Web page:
Nfld. & Labrador

Liberals hire former advisor — without competition — to oversee economic rebuild

Business owners, advocacy groups and organizations have been pushing for weeks for the province to come up with a post-COVID-19 plan, and on Wednesday the premier announced the government had hired someone to lead it. 

PCs unimpressed and uninformed on decision, says Ches Crosbie

PC leader Ches Crosbie questions the province's need for an outside consultant for a post-pandemic rebuilding. (Peter Cowan/CBC)

Newfoundland and Labrador's Official Opposition are crying foul after the Liberal government appointed someone to lead the province's post-COVID-19 recovery — without competition.

In 2015, Paul Mills was one of five people selected by Dwight Ball to advise him as he transitioned into the premier's job, and Progressive Conservative Leader Ches Crosbie suggested Mills's Liberal ties are what landed him the job.

"Mr. Mills has a long and well-known history as a friend of the local party," he said. "I hope this is not the Ball government going back to its bad old ways of hiring Liberal friends."

Business owners, advocacy groups and organizations have been pushing for weeks for the province to come up with a post-COVID-19 plan, and on Wednesday the premier announced the government had hired someone to lead it. 

Mills has already started working on a framework for economic and business recovery and is someone who Ball said was the "obvious" choice for the job

An access to information request filed by the CBC showed Mills was also hired by the Liberals in 2017 as senior advisor on the federal government's supercluster program.

The annual salary for that job was $234,000, though Mills's contract was for a little over three months, running June 12, 2017, to Sept. 30, 2017. 

Despite the three political parties working together during the coronavirus pandemic, no mention of the hiring was made to Crosbie.

"Mr Mills, it seems, is the Liberal government's plan to have a plan to emerge out of the economic shutdown and to rebuild our economy.… This is important," he said.

"[Ball] didn't see fit to share that with the committee that he, from time to time, said is working very well together in a collaborative fashion."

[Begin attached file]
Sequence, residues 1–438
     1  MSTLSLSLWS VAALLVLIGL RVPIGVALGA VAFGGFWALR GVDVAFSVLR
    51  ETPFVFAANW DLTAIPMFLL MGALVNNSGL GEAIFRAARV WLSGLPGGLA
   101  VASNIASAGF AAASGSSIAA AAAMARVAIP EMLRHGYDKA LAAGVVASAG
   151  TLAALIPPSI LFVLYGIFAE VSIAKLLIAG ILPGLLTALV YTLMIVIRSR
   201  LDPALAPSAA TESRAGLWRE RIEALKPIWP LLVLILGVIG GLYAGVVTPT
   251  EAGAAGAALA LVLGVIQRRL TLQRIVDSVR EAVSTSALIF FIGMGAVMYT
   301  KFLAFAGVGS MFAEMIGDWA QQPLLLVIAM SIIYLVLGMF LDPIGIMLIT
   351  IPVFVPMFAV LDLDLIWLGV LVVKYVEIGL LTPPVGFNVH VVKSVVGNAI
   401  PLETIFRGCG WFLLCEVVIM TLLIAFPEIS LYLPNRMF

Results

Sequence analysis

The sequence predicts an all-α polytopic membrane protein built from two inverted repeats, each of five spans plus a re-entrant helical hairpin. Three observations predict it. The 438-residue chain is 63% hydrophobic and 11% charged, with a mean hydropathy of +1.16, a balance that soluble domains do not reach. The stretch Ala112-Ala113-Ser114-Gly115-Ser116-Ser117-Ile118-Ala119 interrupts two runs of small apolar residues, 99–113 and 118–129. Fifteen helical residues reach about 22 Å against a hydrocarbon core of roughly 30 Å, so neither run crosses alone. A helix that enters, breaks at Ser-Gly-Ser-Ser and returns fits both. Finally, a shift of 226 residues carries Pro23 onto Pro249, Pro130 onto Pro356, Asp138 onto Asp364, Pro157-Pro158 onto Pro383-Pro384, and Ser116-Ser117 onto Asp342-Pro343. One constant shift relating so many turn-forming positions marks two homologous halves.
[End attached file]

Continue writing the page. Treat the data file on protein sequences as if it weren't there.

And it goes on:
During Wednesday's daily COVID-19 update, Ball defended the hiring. 

"Mr. Mills has considerable experience within Newfoundland and Labrador for many decades," the premier told reporters.

Premier Dwight Ball lauded the experience of Paul Mills at Wednesday's daily COVID-19 briefing. (Government of Newfoundland and Labrador)

Ball cited Mills's job as the former vice-president of the Atlantic Canada Opportunities Agency, his work with Memorial University, and the oil and gas industry.

"He'll be working with the key departments within government and there'll be engagement through those departments with our business community and associations."

There was no competition for the job, which pays $150,000 per year — although Mills's contract, as it stands now, runs April 21 until Sept.30. 

"This is something that he's done before and all that information can be publicly released, of course," said Ball.

"Right now we needed to make sure that we had someone in place with the experience to work and who was well-known within our province."

Construction and trades call from task force

Before Wednesday's daily COVID-19 update, Trades NL and the Construction Labour Relations Association sent out a press release pleading for the province to create a task force. 

CLRA president Terry French said COVID-19 has been devastating for his members.

"It's having a significant impact," he said.

"We saw large construction companies with large numbers of men and women working for them down to the low single digits."

Terry French, seen in a file photo, is the president of the Construction Labour Relations Association. (Glenn Payette/CBC)

French is pleased to see someone in charge of helping the province out of the COVID-19-created financial mess and his group is willing to offer up any help but doesn't want to see a big form of bureaucracy. 

"This is not about a competition as to the best way forward," he said

"This is just about 'let's get it done,' and obviously we'd like to be a part of it because we believe we have something to contribute."

French said Newfoundland and Labrador's construction industry is an economic stimulator that could get people back to work quickly. 

"This is simply about whatever is the best easiest way forward to get the economy moving again and getting our contractors doing work," said French.

Read more from CBC Newfoundland and Labrador

With files from Peter Cowan


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